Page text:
Additional properties not locally designated but situated within National Register of Historic Places districts may also be subject to review by the City Council under a 2020 ordinance that superseded a prior Neighborhood Conservation District. Demolition without the required City Council approval carries a post demolition fee of 15 percent of the building’s assessed value, which, if unpaid, results in a lien on the property. Violators may appeal to the City Council for a waiver. Nevertheless, it remains possible for this after-the-fact fee to exceed the $10,000 maximum fine available to the local Historic District Landmarks Commission. That imbalance can largely be explained by the fact that the City Council is not restricted by the state law’s $10,000 fine cap, which is placed on preservation commissions. Also, the $10,000 cap was set in 1979. It was not indexed to inflation, and it has not been adjusted since.
The value of land underlying historic buildings in many Louisiana communities has increased substantially in the past 40-plus years. In scenarios where removal of a historic resource allows for more intense and profitable use of the site, owners may regard the fines and fees associated with unpermitted demolition as a cost of business. Three recent examples in New Orleans call into question the deterrent value of the current system. Each involved a “retention of demolition” request for after-the-fact approval of irreversible demolition.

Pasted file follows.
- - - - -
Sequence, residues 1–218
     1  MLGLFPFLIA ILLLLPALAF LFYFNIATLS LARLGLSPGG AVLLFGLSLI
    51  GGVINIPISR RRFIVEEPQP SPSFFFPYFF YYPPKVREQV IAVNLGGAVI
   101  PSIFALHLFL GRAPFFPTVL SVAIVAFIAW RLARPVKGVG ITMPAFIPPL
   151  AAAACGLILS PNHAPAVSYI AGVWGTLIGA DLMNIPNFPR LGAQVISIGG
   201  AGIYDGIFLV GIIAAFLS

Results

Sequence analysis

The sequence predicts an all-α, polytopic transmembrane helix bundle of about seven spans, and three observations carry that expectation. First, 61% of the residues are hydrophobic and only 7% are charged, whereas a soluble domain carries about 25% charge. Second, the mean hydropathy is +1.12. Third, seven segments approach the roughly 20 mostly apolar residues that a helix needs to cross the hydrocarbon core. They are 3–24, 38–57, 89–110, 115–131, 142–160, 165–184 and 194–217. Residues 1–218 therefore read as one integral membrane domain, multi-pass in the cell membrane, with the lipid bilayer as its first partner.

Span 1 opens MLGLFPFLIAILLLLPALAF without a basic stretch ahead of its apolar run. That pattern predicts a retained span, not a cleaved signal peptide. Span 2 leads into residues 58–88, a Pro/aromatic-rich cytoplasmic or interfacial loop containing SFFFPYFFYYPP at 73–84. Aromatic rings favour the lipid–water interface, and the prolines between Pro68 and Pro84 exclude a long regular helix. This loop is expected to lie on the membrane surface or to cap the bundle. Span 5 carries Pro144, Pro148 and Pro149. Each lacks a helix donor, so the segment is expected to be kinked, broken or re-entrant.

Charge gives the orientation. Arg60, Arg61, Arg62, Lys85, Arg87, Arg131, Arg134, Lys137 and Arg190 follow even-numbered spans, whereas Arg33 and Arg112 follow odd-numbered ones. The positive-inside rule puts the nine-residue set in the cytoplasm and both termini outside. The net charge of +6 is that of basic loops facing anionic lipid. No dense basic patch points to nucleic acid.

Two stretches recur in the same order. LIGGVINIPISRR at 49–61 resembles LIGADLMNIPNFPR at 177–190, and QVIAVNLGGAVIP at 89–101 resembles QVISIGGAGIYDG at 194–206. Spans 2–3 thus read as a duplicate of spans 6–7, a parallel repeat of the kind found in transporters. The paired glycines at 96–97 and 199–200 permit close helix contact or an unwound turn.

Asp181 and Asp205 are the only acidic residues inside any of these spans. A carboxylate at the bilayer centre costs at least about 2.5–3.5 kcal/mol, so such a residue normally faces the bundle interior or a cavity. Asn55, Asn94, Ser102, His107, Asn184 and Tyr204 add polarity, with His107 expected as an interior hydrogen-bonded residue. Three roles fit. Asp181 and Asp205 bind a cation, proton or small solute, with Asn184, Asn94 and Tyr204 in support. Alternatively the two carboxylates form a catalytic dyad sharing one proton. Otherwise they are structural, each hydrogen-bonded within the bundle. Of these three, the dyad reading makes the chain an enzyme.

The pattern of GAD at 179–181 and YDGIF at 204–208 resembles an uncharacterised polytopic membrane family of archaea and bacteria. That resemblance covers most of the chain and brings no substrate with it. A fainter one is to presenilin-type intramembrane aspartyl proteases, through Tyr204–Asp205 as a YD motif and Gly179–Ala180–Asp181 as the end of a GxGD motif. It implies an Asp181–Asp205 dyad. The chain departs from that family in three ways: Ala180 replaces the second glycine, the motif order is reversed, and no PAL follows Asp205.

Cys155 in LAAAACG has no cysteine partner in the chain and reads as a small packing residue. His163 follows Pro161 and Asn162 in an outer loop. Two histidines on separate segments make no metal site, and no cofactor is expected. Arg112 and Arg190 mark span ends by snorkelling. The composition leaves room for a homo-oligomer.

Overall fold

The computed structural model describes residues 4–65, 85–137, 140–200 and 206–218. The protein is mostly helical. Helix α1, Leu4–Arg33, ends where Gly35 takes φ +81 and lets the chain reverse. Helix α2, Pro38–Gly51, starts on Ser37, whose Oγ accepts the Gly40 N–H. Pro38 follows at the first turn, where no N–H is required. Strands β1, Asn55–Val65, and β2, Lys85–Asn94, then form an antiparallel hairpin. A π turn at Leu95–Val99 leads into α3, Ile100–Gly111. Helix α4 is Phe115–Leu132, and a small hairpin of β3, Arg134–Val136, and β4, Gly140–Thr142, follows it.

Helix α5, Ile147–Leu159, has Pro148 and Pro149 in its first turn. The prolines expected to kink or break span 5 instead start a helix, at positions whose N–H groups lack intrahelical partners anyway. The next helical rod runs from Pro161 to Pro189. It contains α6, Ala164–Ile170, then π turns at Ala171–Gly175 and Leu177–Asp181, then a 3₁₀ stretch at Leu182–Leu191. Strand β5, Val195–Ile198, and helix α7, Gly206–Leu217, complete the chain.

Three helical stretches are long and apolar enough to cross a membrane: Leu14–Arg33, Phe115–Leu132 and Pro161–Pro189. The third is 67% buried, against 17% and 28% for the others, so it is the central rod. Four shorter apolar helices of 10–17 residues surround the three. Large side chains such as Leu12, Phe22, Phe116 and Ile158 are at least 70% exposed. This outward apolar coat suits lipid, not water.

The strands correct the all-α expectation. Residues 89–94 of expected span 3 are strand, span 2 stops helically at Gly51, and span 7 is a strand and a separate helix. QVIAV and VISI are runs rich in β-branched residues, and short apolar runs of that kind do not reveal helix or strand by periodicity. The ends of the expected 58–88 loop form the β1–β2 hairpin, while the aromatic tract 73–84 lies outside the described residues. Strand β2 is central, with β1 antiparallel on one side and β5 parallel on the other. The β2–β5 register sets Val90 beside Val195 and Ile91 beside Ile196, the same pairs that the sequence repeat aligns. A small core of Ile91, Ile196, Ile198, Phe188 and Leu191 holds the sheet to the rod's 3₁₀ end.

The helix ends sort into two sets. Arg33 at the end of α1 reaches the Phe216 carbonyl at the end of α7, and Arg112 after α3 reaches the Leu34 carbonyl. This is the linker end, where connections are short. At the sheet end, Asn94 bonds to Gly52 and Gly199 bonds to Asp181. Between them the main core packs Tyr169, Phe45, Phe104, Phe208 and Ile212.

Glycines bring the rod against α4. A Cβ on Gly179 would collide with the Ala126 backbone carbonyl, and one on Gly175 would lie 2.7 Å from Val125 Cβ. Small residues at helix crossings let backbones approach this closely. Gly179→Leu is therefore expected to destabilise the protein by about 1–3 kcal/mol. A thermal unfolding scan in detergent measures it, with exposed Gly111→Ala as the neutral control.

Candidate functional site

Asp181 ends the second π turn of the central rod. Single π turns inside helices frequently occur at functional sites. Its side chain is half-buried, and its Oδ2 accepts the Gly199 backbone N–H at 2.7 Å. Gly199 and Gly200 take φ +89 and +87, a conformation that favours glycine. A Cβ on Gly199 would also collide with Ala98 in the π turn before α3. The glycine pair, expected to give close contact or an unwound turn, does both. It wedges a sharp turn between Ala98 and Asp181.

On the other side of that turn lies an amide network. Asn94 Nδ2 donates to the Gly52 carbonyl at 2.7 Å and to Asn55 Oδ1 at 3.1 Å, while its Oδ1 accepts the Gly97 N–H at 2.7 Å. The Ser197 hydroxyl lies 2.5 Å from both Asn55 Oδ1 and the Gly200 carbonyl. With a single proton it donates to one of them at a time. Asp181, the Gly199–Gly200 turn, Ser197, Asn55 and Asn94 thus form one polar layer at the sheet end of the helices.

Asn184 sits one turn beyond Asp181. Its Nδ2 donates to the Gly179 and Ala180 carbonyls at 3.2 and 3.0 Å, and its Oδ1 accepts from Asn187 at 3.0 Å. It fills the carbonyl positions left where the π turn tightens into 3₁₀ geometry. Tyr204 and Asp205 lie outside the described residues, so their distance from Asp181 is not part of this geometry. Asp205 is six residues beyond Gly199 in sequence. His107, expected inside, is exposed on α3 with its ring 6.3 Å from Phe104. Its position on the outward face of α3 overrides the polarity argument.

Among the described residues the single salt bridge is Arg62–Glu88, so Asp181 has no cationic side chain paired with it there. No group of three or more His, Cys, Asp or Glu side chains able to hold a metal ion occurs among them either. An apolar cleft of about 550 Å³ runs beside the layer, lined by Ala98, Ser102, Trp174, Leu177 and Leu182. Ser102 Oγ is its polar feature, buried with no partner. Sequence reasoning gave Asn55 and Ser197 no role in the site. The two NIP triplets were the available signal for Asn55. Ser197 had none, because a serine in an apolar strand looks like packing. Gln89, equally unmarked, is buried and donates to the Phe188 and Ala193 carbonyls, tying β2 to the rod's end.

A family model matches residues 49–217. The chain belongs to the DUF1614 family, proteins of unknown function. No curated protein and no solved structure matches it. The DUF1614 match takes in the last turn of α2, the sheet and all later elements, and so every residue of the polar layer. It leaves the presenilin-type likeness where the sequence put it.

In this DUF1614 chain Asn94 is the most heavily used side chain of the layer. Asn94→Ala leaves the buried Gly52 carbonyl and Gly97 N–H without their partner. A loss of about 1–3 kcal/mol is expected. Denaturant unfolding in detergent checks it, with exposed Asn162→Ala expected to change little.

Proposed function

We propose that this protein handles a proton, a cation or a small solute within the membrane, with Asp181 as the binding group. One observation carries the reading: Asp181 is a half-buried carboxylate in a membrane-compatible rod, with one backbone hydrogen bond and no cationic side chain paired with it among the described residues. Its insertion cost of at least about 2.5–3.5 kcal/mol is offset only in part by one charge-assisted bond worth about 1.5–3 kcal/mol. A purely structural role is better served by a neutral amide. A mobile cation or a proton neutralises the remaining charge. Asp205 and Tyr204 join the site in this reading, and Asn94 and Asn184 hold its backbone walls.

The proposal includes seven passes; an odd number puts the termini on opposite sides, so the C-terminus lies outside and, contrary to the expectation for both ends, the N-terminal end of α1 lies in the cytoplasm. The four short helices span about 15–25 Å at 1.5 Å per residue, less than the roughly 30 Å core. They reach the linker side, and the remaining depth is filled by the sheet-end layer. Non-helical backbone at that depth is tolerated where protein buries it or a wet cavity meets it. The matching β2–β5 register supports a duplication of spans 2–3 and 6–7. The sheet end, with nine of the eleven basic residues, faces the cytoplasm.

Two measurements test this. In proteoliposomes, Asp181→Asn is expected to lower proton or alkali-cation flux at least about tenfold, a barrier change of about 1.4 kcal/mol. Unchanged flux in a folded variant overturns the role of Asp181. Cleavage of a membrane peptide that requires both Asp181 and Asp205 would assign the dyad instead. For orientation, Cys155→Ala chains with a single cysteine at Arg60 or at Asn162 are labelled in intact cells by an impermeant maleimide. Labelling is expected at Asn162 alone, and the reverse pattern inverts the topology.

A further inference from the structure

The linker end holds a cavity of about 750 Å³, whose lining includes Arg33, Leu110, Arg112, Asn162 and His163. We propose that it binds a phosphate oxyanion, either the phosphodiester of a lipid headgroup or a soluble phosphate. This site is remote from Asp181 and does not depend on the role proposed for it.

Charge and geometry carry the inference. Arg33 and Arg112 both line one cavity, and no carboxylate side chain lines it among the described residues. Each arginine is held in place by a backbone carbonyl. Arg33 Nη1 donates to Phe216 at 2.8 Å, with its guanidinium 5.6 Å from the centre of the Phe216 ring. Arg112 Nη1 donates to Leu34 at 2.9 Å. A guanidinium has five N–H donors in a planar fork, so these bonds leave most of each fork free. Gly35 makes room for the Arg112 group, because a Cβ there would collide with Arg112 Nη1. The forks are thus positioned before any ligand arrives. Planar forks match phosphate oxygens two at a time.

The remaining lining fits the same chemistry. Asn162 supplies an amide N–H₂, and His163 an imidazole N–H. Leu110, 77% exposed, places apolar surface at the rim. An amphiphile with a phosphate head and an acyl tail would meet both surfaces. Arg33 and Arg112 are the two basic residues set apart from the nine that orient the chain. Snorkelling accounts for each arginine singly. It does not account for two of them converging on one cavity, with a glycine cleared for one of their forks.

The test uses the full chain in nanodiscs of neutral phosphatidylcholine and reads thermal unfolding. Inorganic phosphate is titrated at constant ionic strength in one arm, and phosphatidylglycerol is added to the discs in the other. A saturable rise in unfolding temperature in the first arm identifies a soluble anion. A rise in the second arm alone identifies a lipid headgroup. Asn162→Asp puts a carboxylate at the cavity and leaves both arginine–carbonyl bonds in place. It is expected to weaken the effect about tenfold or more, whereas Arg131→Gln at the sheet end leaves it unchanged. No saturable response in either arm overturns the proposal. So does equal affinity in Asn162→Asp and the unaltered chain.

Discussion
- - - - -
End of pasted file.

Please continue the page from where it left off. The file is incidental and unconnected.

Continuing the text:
Recent New Orleans case studies
The late 19th-century Queen Anne home at 1006 Milan St. in New Orleans collapsed in a wind storm on May 12, 2020. It was undergoing a renovation by a development company. Multiple neighbors testified to the New Orleans Historic District Landmarks Commission that work began without permits and likely compromised the building’s structural integrity. As a result, the commission levied a $10,000 fine, which the development company promptly paid before subdividing the lot and constructing two new homes advertised at more than $1 million each.
In the Carrollton neighborhood, an antebellum courthouse, including a complex of lesser buildings, was auctioned in 2017 for $4.7 million. Representatives for the consortium undertaking a renovation and an expansion to create an assisted living facility repeatedly told the Historic District Landmarks Commission and its Architectural Review Committee they intended to relocate and reuse a wood framed structure built soon after the courthouse was converted to a school in 1889. However, in July 2021, the commission learned that only a few windows, doors and chalkboards were salvaged. Again, the commission levied the maximum $10,000 fine, which the developer paid within a week. A member of the commission bemoaned the fine as “a drop in the bucket” for the multimillion-dollar project.